A Walk in the Dark A look in to the mind of an RPG designer

6Feb/12Off

Appeasing the Ones Who Matter

If you're like me and not yet part of the "D&D Next" (referred to as "DDN" from here on) playtest, in the past week or two you've probably been curious for some information on it. And when you went looking for it, you hopefully found a source of good information (EN World's "D&D 4E Info" page, Critical Hits, even Sarah Darkmagic's Joining the Party articles on the WotC site, etc.) and did not fall in to the abyss of despair that is the Wizards of the Coast online forums.

As you've come across information regarding DDN, you've probably formulated your opinions on whether you like or dislike what you hear. Most of you may have withheld your opinions, and some of you may have expressed joy or concern through some of the comparatively discrete venues (Twitter, for example). But some of you - especially those that disliked something they heard - took it to the extreme and began writing with an intense, seething hatred of all things DDN.

Wizards of the Coast has a seemingly ambitious goal: create something that appeals to everyone. But if you have ever been on the Internet (if you're reading this, I imagine you have) you know that it's virtually impossible. No matter what the topic is, there will always be someone who hates it and will be very vocal about it. Nowhere is this more apparent than on the Wizards of the Coast forums; there's actually a thread there that lists individual topics in their most generic fashion ("ability scores", for example) followed by a long list of how many forum goers thing it's "good" or "bad" as described  in DDN. Everything has multiple people that disagree with it, no matter what the topic may be.

WotC needs to make a choice: for each and every element of DDN they have to decide one way or the other how it's going to be implemented. And no matter what they choose, they're going to upset somebody. So how they decide how to implement things? Majority vote? Board meetings with marketing folk? Dart board? D100? How do they decide who to appease?

The answer is simpler than you think... The group they must appease first and foremost is themselves.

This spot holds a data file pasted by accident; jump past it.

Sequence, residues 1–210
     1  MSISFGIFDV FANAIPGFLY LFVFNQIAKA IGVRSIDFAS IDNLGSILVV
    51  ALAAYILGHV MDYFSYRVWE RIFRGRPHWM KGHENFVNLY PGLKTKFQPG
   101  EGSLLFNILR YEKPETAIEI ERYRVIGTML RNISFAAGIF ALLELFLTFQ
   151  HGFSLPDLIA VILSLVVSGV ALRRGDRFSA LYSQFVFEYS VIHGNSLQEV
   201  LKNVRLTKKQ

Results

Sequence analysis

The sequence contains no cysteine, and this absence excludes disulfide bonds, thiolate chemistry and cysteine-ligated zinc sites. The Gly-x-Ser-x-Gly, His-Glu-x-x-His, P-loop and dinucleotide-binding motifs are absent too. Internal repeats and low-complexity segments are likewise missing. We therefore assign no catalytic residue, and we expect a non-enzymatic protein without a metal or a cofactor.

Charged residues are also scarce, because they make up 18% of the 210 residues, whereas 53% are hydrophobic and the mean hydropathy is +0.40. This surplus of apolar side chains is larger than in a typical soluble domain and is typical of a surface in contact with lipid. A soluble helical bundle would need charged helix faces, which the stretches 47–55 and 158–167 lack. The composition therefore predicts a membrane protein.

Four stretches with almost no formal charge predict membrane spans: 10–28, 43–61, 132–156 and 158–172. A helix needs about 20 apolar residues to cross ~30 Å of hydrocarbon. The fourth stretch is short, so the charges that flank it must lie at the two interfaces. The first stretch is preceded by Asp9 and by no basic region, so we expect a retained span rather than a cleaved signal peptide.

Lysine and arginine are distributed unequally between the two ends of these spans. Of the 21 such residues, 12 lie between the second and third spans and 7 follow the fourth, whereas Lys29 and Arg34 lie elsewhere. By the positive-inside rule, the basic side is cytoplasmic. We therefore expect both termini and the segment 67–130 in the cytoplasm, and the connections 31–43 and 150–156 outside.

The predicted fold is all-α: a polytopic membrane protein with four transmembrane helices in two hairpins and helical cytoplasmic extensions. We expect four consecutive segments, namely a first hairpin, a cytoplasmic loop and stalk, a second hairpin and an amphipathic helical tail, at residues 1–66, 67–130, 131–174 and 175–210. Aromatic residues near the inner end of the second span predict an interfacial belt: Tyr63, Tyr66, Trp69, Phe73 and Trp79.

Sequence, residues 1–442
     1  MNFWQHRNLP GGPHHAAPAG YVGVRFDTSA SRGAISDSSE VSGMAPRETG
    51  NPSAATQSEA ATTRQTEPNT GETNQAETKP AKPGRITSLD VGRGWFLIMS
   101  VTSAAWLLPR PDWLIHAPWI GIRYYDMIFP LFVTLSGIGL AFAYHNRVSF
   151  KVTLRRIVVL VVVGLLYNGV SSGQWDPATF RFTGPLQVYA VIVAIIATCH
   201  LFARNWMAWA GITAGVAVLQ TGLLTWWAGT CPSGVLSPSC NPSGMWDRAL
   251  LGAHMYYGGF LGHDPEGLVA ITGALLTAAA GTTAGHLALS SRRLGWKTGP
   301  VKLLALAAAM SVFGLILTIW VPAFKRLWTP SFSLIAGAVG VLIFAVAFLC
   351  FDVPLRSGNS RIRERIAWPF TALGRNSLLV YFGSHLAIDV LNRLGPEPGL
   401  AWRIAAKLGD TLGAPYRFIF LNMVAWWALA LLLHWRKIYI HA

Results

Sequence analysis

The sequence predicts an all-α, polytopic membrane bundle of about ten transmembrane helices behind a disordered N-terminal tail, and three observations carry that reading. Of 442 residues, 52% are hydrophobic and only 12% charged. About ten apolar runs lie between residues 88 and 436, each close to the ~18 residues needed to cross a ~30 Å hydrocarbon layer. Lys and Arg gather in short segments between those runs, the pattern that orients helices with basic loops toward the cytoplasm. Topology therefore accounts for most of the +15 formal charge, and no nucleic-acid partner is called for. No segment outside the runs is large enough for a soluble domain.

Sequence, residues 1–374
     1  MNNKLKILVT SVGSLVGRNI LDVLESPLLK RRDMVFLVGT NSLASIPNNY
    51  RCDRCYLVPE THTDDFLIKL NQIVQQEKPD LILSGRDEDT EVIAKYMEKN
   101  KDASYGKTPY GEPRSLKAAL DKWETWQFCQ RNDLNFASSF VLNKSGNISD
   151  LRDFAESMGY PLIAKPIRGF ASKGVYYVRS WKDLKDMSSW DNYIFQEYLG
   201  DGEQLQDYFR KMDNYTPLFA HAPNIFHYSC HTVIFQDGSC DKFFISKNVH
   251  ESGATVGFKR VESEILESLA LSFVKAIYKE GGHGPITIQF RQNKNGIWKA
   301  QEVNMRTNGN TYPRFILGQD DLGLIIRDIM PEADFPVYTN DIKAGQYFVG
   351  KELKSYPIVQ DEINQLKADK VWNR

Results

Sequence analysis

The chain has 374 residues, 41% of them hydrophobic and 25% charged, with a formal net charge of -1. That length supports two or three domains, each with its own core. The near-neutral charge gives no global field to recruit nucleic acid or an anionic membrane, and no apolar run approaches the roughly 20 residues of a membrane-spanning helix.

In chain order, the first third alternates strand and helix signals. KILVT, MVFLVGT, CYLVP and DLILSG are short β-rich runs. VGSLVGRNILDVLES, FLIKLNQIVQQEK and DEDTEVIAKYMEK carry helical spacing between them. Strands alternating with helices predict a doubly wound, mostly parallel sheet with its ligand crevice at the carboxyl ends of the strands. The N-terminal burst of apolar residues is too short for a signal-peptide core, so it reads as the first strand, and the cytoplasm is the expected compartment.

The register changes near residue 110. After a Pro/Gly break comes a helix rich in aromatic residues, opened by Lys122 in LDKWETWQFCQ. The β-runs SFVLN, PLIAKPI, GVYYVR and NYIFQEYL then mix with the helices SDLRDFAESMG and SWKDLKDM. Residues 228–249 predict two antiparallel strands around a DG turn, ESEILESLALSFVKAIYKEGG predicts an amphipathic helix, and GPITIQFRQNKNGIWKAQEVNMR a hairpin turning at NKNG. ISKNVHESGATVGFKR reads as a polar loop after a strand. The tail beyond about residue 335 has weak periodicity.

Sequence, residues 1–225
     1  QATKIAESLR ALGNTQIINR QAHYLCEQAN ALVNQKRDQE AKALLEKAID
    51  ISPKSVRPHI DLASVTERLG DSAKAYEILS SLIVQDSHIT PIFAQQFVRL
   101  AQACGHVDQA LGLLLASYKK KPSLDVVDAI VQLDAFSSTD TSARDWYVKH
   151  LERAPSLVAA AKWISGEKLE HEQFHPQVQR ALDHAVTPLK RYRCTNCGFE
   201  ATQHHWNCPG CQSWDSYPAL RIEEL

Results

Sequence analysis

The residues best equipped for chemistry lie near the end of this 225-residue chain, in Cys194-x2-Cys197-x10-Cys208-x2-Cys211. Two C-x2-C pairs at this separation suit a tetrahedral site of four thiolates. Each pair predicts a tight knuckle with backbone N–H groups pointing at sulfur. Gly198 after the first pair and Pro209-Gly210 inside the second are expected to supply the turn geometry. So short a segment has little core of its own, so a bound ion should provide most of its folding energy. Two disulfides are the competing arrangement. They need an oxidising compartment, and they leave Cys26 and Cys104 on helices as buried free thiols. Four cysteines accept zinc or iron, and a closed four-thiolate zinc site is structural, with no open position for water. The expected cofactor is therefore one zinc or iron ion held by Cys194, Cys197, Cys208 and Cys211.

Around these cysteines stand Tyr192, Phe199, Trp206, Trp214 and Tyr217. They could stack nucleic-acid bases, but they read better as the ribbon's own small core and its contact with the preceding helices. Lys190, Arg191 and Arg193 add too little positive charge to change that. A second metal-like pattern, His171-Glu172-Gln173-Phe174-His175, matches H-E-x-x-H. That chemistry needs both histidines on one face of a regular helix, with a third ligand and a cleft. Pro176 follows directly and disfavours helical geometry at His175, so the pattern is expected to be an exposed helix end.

I'm going to sidestep for a second and ask a general question to everyone that is reading this: if you currently have a job, do you enjoy it?

Some of you, like me, might actually enjoy their job. And, as a result, you are constantly doing whatever you can in order to make the job experience better. You show a level of enthusiasm in what you do that is unparalleled, and you love walking in to the office in the morning. Needless to say, you're a rare breed.

Now many of you hate your job, and only work for the sole reason of getting a paycheck on a regular basis. While working you can't think of anything beyond when the next break or the end of the shift is. Some of you have given up to the point that you make no effort to improve the situation, so you slog through one work day after the next without trying to better what you see is a hopeless cause.

Picture yourself as a Wizards of the Coast employee, working on the design and development of DDN. How would you feel if you're forced to create a game you dislike? Wouldn't you prefer a game that you enjoyed enough to want to contribute to its growth?

I myself have been a game developer creating a game I disliked, and it was a miserable depressing experience. As soon as the game was done, I honestly didn't want to have anything to do with it, and moved on to my next project without looking back. This is exactly the sort of the thing we don't want from WotC; we want them to create a product that they themselves are enthusiastic about so that they continue to support it enthusiastically. The more the creators enjoy the project, the more it shows in the end result and in subsequent product releases.

So what am I saying with all this? You all are welcome to voice your opinions on the good and bad parts of DDN, but please do not forcibly insist that they do things a certain way just because you want it that way. If WotC capitulates to every request and ends up creating a product that they are internally not big fans of just to make everyone happy (which, as I said, is impossible), future support for it will suffer. Since the design team at Wizards of the Coast knows more about game design than pretty much any of us, I'm pretty sure they already have the tools needed to finish DDN in its entirety. Let them do what they enjoy, and through that enjoyment let them put every ounce of enthusiasm they can muster in to the final product.

And, when that's done, thank them for it. Only then will you see DDN grow in ways you cannot possibly imagine.

Filed under: 5E, Design, DnD, RPG Comments Off
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  1. You make an excellent point. I think we all need to keep in mind that the game designers are making a game that they should want to play. I have tried to give my opinion respectfully and with an eye to encouraging good debate. I have to say I disagree with you on one point though. If something is going to be a deal breaker for me I don’t really care if they support DnDnext if it includes my dealbreaker. So far nothing has been, but I haven’t actually played the game yet.

  2. So, I must first admit that I’ve only done light reading on the aforementioned boards and blogs, but from what I have read, those that are actually getting a chance to play DnDNext are under NDA, so anything else is just speculation about the game. How can you hate something that is only speculation? I suppose anything else would just be the standard edition war hoo-hah.


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